How the Self-Fulfilling Prophecy Affects your Career Goals
When my friends, peers and I were all applying for jobs (you know, making an effort to secure our post-graduate lives), there was one person in particular who stood out from the bunch. Not so much because of her actions or job searching technique, but because of her mindset.
You see, my friend just knew that no matter what, in no way shape or form, did she desire (or plan to) stay in the same city of our alma mater (that would be Phoenix). It didn’t matter if somehow she was offered a job in Phoenix, she’d turn down the offer even if she didn’t have anything else lined up. She never applied to one position in Phoenix, even when other students, professors and the dean called her “too picky.” She had her mind made up that she no longer wanted to live and work in Phoenix and, in turn, closed the door on any opportunity that could potentially present itself there.
Perhaps you’re thinking my friend was making an unwise decision, but I’ll tell you this: Unlike many college graduates, she is currently employed in the field of her degree, making decent money, and… she does not reside in Phoenix.
My friend had what one may call a self-fulfilling prophecy. BusinessDictonary.com defines this concept as:
Any positive or negative expectation about circumstances, events, or people that may affect a person’s behavior toward them in a manner that causes those expectations to be fulfilled.
Here we have a soon-to-be college graduate seeking to secure employment. She knows where she would and would not like to move to and not only says and acts like she isn’t staying in Phoenix, she doesn’t expect to. Her expectation of getting a job in a new city caused her to only apply to cities outside of Phoenix, thus landing her a job outside of Phoenix. So the equation is simple: a person’s expectations of XYZ will affect his/her actions toward XYZ, which will cause XYZ to be fulfilled (either negatively or positively).
Perhaps you’re in the same position, i.e. looking for a new job. Or maybe you desire to apply for a promotion or start your own business, but you aren’t 100 percent sure. Take a look at this self-fulfilling prophecy (or Pygmalion Effect) concept from Psychology Today to see how you may be either positively or negatively affecting your career goals:
1. Our beliefs about ourselves influence…
2. Our actions toward others, which impact…
3. Others’ beliefs about us, which cause…
4. Others actions toward us, which reinforce…
5. Our beliefs about ourselves.
So, let’s relate this to a person’s career aspirations, shall we?
First, our beliefs about ourselves, which means how we see ourselves and our capabilities. Are you confident in your skills? Do you believe in the idea for the product you want to sell or the business you hope to create? How we view ourselves, our talents and abilities is the most important aspect of a self-fulfilling prophecy because this “view” ultimately affects everything else.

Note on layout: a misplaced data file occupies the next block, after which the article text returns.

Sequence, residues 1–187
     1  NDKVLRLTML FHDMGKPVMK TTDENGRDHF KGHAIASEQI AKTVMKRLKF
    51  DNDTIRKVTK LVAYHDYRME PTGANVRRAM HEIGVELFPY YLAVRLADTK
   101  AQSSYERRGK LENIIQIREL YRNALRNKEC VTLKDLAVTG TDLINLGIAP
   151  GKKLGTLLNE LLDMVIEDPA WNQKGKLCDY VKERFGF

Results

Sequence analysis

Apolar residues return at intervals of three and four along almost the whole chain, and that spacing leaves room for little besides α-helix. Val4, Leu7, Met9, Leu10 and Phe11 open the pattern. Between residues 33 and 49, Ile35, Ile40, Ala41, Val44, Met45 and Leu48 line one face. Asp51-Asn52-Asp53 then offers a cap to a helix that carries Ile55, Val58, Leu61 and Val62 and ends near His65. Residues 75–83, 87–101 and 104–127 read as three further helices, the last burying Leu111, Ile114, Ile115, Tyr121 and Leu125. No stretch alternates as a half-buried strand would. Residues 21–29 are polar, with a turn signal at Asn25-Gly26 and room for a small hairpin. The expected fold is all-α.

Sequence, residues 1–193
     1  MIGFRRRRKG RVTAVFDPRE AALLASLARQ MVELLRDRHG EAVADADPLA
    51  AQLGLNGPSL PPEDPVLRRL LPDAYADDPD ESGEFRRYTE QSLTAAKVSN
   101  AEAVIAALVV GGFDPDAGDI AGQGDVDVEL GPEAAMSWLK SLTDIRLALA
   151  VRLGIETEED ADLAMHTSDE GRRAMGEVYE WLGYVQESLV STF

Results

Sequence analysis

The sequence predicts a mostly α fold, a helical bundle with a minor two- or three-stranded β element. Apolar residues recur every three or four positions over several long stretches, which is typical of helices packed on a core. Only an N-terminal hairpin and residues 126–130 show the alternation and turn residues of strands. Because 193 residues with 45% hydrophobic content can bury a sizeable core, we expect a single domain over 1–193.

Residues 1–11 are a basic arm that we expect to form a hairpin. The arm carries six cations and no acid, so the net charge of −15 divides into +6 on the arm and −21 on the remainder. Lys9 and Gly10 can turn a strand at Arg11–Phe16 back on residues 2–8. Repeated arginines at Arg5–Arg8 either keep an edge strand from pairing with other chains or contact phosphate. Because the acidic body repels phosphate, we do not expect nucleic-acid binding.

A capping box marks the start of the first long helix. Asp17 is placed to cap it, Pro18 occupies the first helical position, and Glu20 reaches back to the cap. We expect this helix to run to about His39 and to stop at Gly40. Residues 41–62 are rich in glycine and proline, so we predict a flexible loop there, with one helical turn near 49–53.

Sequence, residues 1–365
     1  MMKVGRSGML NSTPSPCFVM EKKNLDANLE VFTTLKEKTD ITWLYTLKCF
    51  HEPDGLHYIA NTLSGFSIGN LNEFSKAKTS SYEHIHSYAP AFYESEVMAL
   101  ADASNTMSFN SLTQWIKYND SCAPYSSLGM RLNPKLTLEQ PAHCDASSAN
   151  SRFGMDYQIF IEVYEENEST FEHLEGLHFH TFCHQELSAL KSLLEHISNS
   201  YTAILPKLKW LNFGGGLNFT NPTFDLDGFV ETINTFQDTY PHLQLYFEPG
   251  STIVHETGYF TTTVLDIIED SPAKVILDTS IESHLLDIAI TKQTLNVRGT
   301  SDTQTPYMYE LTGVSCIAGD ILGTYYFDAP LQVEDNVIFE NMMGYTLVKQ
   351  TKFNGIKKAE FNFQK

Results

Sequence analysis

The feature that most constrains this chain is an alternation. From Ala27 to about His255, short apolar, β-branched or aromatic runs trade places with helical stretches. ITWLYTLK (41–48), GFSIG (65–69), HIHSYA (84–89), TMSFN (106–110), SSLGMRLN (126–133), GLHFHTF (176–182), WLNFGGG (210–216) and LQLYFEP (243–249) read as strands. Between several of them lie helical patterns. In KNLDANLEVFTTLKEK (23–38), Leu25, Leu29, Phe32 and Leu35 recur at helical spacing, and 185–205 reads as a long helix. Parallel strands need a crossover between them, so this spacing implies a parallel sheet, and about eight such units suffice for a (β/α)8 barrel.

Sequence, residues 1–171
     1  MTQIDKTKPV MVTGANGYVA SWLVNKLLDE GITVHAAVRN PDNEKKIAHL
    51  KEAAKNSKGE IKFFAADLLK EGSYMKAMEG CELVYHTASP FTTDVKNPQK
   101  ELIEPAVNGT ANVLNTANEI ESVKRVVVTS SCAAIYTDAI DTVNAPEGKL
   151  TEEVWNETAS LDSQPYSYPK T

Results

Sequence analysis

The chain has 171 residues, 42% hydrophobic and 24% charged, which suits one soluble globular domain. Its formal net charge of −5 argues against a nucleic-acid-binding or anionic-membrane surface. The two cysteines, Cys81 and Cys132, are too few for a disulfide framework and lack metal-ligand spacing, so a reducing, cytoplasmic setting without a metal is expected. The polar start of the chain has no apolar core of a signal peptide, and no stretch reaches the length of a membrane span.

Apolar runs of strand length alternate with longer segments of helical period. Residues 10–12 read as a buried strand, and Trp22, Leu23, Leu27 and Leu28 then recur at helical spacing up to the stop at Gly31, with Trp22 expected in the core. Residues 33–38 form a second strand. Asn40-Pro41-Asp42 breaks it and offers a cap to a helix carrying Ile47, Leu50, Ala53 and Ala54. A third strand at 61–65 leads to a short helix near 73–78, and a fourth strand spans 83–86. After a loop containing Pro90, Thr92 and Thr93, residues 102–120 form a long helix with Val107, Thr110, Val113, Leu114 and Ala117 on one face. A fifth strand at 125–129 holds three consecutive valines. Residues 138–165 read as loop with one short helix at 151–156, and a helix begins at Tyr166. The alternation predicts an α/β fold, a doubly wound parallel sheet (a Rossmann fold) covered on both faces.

Second, our beliefs about ourselves influence our actions toward others. If you are confident in your skills you will be more likely to apply for that job and/or promotion, even if you aren’t fully qualified. Why? Because you believe in yourself and your capabilities. Likewise, if you lack confidence or optimism, you won’t bother seeking out a loan to start your business or telling people about your product idea because you already believe you’re incapable of getting a loan and/or being an inventor/entrepreneur.
Third, our actions toward others impact others’ beliefs about us. If your supervisor is seeing you’re showing initiative and drive by applying for a promotion, he or she will see you as a confident worker and someone looking to advance in his/her career rather than being complacent. Also, if investors see that you have an idea for a new product but fail to market it or pursue funding, they may deem you as having a lack of drive, motivation, or a quitter.
Next, others’ beliefs about us cause others to respond, or act, in a certain manner toward us. Because your supervisor sees your desire and commitment to advancing your career, perhaps he or she will put in a good word for you or ‘tip you off’ on other opportunities. Or if a recruiter sees your persistence in applying, he or she may be more prone to calling you back.
Just the same, if someone believes you have no drive or confidence, they may not give you a loan, or funding for your business idea.
Finally, others’ actions toward us reinforce our beliefs about ourselves. Remember how you initially believed in your capabilities for the job? This is only reinforced by your supervisor “talking you up” or, for the unemployed, by you receiving the job. And, if you lacked confidence and/or didn’t believe you’d accomplish your career goals, this is simply reinforced by how others responded to you.
Your attitude and expectations when it comes to your career can either help or hurt your potential accomplishments. Stay positive to reap positive outcomes!
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